SAN CLEMENTE (CBS) — A partial shutdown of the San Onofre nuclear power plant continued Thursday after sensors detected a possible leak in one of the reactor units.
An alarm alerted station personnel to the presence of radioactivity in the ancillary structure, and they immediately began shutting down the reactor, according to Nuclear Regulatory Commission spokesman Victor Dricks.
Gil Alexander, a spokesman for facility operator Southern California Edison, said that radioactive water was passing through a crack inside the generators at a rate of 80 to 100 gallons per day when Edison began the shutdown early Tuesday evening.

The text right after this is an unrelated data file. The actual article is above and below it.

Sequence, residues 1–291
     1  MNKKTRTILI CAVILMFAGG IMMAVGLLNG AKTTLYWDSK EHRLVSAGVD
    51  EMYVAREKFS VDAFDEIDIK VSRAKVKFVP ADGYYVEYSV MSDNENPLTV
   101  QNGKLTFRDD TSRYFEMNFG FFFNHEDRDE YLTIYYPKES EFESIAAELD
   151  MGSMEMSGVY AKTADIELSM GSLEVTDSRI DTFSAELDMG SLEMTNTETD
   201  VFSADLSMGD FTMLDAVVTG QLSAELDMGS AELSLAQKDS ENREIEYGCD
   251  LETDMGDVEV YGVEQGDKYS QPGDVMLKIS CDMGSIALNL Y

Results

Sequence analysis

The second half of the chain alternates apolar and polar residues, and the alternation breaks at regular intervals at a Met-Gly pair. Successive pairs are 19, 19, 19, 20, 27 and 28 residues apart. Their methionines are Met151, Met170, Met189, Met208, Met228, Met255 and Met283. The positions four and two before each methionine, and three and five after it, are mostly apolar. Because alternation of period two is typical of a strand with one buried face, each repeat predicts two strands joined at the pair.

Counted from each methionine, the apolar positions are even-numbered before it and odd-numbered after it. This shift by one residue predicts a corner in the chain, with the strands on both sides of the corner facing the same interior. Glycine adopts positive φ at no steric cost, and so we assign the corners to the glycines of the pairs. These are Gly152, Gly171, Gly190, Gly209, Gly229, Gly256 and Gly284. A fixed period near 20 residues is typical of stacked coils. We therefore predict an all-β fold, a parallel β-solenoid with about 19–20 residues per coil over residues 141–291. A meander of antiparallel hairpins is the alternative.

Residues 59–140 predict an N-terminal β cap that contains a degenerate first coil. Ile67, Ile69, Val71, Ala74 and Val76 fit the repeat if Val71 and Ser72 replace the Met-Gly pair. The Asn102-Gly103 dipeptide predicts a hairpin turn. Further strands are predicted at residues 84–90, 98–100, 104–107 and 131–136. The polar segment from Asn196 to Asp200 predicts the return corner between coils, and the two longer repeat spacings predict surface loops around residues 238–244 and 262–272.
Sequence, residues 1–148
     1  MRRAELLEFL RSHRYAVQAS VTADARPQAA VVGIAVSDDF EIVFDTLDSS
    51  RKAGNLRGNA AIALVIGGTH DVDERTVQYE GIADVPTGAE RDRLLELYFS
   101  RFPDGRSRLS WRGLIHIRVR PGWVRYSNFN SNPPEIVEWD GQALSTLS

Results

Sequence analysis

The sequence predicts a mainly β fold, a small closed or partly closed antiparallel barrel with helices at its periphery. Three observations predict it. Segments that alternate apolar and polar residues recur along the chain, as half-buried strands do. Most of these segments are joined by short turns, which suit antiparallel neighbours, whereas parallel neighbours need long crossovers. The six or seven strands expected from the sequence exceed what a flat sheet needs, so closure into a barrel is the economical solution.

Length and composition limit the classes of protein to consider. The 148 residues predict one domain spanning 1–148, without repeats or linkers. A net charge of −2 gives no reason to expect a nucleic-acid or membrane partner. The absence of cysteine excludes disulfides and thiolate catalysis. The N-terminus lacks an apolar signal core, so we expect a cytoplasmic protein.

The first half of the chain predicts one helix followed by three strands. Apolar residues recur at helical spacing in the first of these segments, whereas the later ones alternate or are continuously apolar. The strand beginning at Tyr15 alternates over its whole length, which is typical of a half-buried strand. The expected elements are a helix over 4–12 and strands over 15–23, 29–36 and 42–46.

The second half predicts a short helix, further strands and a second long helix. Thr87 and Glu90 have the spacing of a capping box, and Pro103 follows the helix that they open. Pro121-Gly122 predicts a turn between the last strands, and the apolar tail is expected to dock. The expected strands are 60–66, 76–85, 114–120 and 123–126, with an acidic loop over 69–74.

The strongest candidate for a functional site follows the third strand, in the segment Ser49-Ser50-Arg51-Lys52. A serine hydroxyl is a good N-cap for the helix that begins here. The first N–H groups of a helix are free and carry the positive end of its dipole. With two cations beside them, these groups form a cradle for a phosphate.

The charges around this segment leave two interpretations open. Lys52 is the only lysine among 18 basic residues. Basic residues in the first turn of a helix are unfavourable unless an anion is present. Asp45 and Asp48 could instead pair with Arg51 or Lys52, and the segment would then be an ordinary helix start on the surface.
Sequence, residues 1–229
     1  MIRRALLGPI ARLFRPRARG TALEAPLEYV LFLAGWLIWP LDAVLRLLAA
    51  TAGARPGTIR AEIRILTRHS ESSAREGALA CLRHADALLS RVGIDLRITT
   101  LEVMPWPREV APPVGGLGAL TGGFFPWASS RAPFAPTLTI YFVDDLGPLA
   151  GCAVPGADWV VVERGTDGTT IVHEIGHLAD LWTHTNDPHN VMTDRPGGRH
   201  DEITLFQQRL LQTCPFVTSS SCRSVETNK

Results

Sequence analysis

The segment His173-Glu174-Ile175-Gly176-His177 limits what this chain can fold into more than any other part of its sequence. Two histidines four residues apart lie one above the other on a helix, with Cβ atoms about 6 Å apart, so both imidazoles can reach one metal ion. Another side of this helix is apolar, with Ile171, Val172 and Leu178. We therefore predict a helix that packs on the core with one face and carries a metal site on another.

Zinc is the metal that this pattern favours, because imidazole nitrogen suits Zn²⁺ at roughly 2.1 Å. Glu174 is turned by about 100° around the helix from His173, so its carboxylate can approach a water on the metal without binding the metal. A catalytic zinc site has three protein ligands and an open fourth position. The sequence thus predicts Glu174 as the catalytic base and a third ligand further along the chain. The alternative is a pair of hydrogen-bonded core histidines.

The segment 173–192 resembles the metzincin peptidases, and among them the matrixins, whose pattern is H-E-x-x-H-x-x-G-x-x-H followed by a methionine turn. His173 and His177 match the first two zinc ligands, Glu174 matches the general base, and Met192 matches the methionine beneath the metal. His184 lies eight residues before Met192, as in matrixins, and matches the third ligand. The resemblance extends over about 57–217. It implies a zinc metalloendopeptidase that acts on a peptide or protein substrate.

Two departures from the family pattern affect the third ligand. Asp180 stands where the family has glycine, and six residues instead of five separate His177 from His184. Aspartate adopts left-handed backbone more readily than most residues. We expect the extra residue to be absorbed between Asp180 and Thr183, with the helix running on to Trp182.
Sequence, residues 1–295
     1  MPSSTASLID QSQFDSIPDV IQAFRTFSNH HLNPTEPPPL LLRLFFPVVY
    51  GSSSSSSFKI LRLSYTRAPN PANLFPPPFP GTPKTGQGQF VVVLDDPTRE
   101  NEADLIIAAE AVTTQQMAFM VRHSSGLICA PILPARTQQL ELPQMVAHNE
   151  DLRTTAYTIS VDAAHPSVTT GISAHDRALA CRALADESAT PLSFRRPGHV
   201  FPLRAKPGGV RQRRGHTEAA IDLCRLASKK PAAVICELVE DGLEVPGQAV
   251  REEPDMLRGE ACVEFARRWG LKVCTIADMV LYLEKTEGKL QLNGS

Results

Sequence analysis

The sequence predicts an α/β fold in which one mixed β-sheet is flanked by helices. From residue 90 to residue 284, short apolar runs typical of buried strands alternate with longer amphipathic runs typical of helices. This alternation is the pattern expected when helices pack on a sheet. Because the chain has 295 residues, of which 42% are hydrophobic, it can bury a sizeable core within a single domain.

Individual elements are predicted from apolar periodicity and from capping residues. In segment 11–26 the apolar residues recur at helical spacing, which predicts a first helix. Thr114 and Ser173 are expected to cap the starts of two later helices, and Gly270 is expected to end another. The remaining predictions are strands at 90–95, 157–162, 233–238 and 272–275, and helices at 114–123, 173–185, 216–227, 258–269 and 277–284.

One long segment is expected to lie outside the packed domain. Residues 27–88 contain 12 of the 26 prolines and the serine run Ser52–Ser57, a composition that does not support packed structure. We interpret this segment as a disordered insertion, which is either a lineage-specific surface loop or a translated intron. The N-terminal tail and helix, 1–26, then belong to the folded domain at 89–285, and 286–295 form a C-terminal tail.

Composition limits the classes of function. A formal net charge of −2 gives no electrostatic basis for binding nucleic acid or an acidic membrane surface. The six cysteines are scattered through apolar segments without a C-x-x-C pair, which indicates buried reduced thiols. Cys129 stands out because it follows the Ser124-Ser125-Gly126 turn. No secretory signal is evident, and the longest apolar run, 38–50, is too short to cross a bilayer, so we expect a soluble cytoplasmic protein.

It is unclear if any of it was released into the atmosphere, and if any did, it would have been a “very, very low level of radioactivity” that would be “barely measurable,” according to the NRC.
As of Wednesday night, Southern California Edison, which operates the facility, said that sensitive monitoring instruments continued to show no change in radiation levels that would be detectable off-site.
Crews will fully evaluate the cause of the mishap and the steps required to repair it before resuming operations, according to Edison.
Once the problem is resolved, it will likely take several days for the reactor to be restarted, the Rosemead-based utility advised.
At the time of the accident, the other reactor at the plant already was powered down for routine maintenance, refueling and technology upgrades.